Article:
Your feedback is important to us!
We invite all our readers to share with us their views and comments about this article.
Disclaimer: Comments submitted by third parties on this site are the sole responsibility of the individual(s) whose content is submitted. The Daily Star accepts no responsibility for the content of comment(s), including, without limitation, any error, omission or inaccuracy therein. Please note that your email address will NOT appear on the site.
Alert: If you are facing problems with posting comments, please note that you must verify your email with Disqus prior to posting a comment. follow this link to make sure your account meets the requirements. (http://bit.ly/vDisqus)
As President Obama travels this week to Saudi Arabia, here's a surprising snapshot of what young Arabs think: They're scared about Daesh (ISIS) and terrorism; they yearn for more freedom and gender equality; they fear that the Arab Spring has made life worse; and they're increasingly skeptical about the role of traditional religious values. If these Arab reactions seem similar to what people would say in the West, maybe that's the real takeaway. Despite all the violence and extremism that plague the region, most young Arabs have sensible modern reactions. This isn't a world apart: Arab youths hate the turmoil that's wrecking their countries and want a better, more stable life.One intriguing finding of this study is that Arab youths are increasingly dubious about the role of religion and traditional values.This progressive view had roughly equal support from young Arab men (66 percent) as women (68 percent).In January that year, 82 percent of Arab youth supported "traditional values".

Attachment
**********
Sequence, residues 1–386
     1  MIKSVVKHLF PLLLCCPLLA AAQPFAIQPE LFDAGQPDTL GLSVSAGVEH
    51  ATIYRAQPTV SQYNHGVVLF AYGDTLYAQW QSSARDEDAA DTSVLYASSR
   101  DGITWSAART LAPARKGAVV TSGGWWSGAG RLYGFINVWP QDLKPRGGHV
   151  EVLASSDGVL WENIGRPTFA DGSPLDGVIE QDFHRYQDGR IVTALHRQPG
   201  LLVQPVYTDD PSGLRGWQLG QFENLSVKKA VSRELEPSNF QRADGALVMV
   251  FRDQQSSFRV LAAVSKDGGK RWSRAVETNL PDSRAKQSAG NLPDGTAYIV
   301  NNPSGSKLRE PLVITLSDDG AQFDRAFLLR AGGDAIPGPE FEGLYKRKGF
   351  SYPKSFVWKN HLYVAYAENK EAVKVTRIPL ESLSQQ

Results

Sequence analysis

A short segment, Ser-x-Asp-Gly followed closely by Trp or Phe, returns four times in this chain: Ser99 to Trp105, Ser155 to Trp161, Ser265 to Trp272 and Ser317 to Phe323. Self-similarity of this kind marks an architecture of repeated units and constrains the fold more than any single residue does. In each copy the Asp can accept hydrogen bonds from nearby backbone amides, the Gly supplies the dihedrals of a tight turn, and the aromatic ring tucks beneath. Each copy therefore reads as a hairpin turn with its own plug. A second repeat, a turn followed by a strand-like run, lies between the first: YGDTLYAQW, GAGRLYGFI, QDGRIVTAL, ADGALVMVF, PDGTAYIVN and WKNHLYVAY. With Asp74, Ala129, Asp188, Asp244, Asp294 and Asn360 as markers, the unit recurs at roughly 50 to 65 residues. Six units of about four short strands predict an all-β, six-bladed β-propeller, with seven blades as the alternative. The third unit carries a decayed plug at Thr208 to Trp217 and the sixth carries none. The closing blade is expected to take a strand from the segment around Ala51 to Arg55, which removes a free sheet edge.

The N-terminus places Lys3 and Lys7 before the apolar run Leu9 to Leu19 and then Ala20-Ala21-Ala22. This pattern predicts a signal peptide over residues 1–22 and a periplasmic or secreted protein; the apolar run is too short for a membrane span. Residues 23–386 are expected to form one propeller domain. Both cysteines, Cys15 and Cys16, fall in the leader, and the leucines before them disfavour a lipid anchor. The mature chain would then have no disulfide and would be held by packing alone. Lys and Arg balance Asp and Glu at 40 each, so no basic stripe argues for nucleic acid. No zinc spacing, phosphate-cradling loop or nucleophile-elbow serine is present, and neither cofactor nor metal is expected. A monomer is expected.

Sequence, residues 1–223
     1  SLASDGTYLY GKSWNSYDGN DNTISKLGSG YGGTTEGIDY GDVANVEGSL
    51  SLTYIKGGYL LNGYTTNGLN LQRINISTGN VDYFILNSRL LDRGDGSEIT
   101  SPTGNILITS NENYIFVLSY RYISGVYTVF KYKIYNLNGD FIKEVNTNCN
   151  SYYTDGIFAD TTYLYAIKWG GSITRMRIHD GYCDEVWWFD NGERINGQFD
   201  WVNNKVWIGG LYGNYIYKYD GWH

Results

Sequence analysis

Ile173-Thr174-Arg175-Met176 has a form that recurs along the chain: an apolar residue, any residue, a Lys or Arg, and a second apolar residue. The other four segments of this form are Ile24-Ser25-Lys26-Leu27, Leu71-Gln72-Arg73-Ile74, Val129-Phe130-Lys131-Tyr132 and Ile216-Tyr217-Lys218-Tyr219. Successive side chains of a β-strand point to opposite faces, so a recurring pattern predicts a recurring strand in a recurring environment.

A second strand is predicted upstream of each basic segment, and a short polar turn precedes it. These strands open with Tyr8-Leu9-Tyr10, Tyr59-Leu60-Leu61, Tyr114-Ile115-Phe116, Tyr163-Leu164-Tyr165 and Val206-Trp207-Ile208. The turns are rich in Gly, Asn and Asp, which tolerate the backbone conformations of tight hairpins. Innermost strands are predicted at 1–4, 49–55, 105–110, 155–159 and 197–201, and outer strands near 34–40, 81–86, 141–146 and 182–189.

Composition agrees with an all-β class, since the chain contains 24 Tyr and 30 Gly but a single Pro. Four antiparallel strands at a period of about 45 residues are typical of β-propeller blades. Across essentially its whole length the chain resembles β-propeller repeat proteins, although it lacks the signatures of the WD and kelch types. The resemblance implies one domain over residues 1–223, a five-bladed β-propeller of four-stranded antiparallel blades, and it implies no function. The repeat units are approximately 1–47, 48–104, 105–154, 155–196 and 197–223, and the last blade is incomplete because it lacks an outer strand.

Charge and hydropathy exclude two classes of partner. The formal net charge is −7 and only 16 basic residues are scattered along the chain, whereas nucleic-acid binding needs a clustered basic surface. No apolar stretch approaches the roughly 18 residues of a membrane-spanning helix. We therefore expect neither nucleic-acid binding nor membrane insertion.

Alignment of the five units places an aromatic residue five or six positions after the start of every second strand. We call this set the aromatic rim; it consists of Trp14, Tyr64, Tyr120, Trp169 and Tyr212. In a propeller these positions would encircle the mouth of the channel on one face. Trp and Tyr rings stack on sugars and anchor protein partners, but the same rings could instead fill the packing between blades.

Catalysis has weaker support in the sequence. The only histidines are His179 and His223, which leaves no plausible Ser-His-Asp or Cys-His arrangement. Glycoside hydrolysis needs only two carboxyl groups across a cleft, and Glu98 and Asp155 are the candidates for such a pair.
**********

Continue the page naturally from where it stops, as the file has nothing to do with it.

Is the Korea denuclearization process for real?
Kerry’s memoir shows
a strong man
A portrait of a president who places image over principle
FOLLOW THIS ARTICLE